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Microbiota and microbiome: what are they?

These two terms microbiota and microbiome are often used as synonyms, but in reality there are subtle differences between the two.

What are they?

• gut microbiota accompanies the person from birth and influences the function of the whole organism. Until a few years ago, it was called "intestinal microflora."

• human microbiota is made up of a wide variety of bacteria, viruses, fungi and other monocellular organisms that live in the body (intestine, skin, mouth, genitals, etc.)

• microbiome is the name given to all genes within these microbial cells

In 1996, Dr. Rodney Berg of the department of microbiology and immunology at Louisiana State University, wrote a lot about the gut microbiota and summarized its "deep" importance. Therefore, for many years the importance of these bacterial populations for our state of health was known, but not all of them still devote the attention they deserve.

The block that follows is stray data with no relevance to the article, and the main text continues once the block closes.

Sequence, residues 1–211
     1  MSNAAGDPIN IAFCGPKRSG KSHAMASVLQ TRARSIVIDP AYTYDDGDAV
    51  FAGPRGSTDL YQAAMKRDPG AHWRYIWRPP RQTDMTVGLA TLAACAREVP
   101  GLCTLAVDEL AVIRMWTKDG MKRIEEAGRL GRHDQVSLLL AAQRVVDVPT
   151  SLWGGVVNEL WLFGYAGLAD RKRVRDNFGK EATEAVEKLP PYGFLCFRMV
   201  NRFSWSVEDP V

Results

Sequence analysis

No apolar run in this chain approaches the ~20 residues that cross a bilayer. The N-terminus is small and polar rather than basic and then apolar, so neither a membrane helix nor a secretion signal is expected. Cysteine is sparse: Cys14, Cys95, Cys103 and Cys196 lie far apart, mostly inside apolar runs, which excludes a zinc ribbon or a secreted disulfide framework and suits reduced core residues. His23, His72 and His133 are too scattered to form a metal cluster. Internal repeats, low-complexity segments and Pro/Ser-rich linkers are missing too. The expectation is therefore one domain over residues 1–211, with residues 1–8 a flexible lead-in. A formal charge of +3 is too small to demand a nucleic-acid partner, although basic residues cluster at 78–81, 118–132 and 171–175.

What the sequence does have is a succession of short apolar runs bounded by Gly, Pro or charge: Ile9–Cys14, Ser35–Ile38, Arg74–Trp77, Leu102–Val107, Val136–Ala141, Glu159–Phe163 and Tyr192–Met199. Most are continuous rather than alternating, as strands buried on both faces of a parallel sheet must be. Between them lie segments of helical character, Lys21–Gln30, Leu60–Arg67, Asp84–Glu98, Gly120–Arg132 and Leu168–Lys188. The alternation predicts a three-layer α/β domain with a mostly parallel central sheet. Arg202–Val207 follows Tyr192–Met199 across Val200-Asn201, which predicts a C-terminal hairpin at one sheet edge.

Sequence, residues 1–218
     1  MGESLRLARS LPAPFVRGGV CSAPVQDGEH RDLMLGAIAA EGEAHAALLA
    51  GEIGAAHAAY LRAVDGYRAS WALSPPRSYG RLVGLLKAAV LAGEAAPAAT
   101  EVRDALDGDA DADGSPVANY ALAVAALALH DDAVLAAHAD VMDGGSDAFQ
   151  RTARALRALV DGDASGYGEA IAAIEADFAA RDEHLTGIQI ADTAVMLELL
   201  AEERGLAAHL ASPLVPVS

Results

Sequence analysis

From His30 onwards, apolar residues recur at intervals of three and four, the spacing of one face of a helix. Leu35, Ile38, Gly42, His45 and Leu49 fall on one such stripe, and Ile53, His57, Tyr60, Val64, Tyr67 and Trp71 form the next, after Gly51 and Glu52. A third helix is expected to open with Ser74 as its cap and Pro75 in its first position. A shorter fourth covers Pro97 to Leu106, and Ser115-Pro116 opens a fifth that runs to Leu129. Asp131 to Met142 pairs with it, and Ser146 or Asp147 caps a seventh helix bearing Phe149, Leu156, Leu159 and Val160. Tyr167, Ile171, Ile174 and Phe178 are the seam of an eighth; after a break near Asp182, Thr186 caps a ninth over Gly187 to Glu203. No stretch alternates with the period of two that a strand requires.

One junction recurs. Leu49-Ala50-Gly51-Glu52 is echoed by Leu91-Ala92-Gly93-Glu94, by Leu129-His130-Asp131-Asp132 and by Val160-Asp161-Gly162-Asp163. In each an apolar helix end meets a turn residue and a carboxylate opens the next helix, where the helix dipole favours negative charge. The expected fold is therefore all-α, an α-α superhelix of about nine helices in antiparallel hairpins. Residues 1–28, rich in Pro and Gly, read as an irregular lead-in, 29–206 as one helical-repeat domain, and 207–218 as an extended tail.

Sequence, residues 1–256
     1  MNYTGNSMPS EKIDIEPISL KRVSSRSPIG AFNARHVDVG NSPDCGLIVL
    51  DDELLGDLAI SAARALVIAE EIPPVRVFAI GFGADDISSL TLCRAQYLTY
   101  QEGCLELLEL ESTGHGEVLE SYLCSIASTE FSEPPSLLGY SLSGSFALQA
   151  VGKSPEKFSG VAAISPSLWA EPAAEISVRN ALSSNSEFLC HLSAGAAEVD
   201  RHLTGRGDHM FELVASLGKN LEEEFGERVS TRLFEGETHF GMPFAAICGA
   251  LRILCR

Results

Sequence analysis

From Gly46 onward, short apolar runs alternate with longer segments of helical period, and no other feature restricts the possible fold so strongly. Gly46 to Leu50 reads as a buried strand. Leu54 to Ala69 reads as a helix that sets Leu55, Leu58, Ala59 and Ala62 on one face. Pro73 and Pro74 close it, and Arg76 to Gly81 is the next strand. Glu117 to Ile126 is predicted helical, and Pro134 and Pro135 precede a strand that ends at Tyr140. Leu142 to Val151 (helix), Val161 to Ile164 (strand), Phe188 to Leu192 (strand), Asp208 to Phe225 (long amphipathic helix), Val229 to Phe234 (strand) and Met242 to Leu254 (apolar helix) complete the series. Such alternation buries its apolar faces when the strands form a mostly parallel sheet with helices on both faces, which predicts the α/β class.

The National Institutes of Health (NIH) in 2007 launched the Human Microbiome Project, a research project that aims to define the microbial species that influence humans and their relationships with the host organism health.

Let's see some data:

• microorganisms that live within the gastrointestinal tract add approximately 4 kilos of biomass

• microbes in the body represent about 2-3% of the total weight of the human body

• intestinal microbiota contains more than 3 million genes, which makes it genetically 150 times more varied than the human body

• each human being has between 10 billion and 100 billion microbial cells (more than cells in the human body) in a symbiotic relationship. This benefits both microbes and their guests

• the estimation vary, but there may be more than 1,000 different species of microorganisms that make up the human microbiota

The gut microbiota of each individual is unique as a fingerprint. It can strongly influence the immune response, digestive function and even mood and psychological processes.